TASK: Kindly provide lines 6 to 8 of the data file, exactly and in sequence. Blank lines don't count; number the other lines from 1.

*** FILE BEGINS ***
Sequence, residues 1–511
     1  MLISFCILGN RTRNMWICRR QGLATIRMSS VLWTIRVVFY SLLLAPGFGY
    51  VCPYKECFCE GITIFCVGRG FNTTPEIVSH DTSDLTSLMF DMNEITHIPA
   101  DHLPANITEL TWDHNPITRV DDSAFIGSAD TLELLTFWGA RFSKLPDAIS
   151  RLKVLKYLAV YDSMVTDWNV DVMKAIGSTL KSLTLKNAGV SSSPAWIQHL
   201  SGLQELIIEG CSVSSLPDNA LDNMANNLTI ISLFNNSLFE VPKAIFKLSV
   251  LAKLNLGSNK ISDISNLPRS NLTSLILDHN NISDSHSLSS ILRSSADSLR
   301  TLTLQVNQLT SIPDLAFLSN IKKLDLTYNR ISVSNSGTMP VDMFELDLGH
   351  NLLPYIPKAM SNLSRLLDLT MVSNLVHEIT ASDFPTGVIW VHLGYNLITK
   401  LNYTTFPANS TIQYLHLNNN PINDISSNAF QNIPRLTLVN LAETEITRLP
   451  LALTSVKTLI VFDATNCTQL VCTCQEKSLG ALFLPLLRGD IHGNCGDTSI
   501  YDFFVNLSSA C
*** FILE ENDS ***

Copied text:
   201  SGLQELIIEG CSVSSLPDNA LDNMANNLTI ISLFNNSLFE VPKAIFKLSV
   251  LAKLNLGSNK ISDISNLPRS NLTSLILDHN NISDSHSLSS ILRSSADSLR
   301  TLTLQVNQLT SIPDLAFLSN IKKLDLTYNR ISVSNSGTMP VDMFELDLGH